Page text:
My mind often wanders to memories of lost loves, long gone career paths, and all those hopes and dreams that never quite materialized. I ponder about how I got here, and where will I go next?
The answers are few, but the questions are many.
At 2-3 AM, there are a surprising number of people walking in the streets of Canton, OH. I do not know why. They do not seem to be causing trouble. Just walking from one place to another with seemingly aimless determination. The weather does not matter. They are walking in snow, rain, thunderstorms and fog.
Canton is not a city where there is an accepted reason to be out late at night, unless you are making early morning deliveries like me or driving a garbage truck. There is trouble on the streets, but not from these silent wanderers. They are likely victims, not perpetrators. The people I see walking in the night seem to have little to claim in life beyond the clothes on their backs and the cell phones in their hands.
What is their purpose? Are they afraid? Are they so hardened by experience that fear no longer matters? Are they oblivious to the dangers present in the night? Has our world served them well? Do they ponder deep questions like I do?
Do they whisper in their minds, “Morning keep the streets empty for me,” hoping that no harm will come to them as they forge ahead along their paths?
Karin Dreijer Andersson who wrote the lyrics for “Keep the Streets Empty” has remarked about her mesmerizing song, “It’s supposed to be a deer singing,” which makes some sense to me. Imagining the perspective of a deer is something that I often ponder in my wee hour journeys. There are many deer stalking the streets at night, and empty streets are a blessing for them. I interrupt their communal forays into the night as I follow my own path. They watch me with wary eyes, sometimes scattering as I come upon them in the dark.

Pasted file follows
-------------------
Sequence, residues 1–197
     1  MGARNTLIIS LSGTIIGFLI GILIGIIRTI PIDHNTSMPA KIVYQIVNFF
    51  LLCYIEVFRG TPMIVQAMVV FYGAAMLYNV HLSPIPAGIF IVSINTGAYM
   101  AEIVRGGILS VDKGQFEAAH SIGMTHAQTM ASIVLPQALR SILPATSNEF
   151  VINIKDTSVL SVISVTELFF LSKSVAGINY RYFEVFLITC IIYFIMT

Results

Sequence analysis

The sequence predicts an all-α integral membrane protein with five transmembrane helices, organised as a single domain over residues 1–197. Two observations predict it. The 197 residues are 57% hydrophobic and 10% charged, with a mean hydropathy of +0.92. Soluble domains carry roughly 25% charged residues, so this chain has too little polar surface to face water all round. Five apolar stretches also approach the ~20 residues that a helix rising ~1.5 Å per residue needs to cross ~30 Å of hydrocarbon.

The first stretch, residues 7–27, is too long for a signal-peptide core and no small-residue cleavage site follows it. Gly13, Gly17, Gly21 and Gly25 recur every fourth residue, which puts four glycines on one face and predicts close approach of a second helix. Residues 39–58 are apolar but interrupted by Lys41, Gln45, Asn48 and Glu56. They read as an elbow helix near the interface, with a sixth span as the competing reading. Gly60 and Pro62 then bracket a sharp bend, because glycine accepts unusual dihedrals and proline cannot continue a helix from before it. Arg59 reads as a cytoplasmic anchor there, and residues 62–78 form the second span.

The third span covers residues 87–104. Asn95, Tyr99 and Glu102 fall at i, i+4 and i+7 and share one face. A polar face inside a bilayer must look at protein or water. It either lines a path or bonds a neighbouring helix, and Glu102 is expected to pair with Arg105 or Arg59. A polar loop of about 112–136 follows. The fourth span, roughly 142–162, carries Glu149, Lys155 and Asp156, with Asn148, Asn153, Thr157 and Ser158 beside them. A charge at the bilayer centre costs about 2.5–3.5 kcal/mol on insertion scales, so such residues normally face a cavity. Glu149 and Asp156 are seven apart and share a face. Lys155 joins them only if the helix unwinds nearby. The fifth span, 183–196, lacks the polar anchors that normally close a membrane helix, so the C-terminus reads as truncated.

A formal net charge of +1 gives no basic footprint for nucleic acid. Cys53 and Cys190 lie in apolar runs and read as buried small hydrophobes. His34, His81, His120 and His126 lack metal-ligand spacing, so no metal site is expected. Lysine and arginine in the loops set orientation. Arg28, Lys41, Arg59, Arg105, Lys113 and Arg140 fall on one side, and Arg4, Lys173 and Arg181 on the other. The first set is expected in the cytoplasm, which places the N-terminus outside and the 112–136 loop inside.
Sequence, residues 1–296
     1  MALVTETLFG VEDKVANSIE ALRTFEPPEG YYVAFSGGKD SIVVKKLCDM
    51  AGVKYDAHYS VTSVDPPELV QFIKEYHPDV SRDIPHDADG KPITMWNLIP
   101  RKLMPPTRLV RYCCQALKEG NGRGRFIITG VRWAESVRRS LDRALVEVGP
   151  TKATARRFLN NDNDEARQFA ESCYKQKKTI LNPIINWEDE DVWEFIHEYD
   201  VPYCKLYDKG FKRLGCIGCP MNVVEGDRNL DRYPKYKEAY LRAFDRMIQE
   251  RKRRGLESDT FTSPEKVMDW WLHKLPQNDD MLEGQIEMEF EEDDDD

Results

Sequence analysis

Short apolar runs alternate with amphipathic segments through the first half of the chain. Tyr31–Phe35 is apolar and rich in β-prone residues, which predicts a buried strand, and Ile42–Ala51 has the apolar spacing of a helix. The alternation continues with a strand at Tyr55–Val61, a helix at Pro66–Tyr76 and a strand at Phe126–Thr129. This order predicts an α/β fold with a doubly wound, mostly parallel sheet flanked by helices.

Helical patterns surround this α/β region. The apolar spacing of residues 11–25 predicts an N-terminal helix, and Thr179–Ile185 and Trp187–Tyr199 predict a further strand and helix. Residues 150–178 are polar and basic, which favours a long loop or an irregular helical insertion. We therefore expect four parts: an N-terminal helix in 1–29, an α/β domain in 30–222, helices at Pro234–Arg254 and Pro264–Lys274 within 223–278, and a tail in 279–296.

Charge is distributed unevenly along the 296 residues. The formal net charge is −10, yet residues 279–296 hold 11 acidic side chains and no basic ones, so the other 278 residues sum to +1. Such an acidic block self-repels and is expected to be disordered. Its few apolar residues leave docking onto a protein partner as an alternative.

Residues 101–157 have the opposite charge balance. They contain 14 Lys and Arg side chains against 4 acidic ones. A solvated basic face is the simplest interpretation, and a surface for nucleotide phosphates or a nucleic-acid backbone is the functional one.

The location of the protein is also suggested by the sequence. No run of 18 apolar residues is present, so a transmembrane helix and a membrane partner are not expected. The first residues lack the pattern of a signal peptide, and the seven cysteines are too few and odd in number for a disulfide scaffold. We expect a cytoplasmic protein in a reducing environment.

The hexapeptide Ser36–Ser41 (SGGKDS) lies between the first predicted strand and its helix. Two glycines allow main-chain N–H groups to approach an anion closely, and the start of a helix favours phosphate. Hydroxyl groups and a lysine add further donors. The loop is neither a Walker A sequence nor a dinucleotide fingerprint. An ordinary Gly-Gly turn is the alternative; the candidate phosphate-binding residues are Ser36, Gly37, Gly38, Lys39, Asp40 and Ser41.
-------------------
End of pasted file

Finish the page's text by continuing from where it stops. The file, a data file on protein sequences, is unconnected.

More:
There is a peacefulness in my observation of the wildlife scurrying around as I sojourn through the early morning. There is unrest in my thoughts, though. The overpopulation of humans in the natural habitat of these creatures means many will not survive.
My artist sensibilities compel me to creatively record my journeys in some way, yet I am frustrated with the unsettledness of everything around me. I seek resolution and balance and hope in my art. I am lost as I seek a thread of that in this.
Everything seems wrong to me in our world of late.
We encroach upon the habitats of other creatures, then complain that they are pests to our privileged way of life. We run ram-shod across the earth and cause irreparable harm to the environment, threatening numerous species of animal and plant life, as well as we threaten our own species’ existence.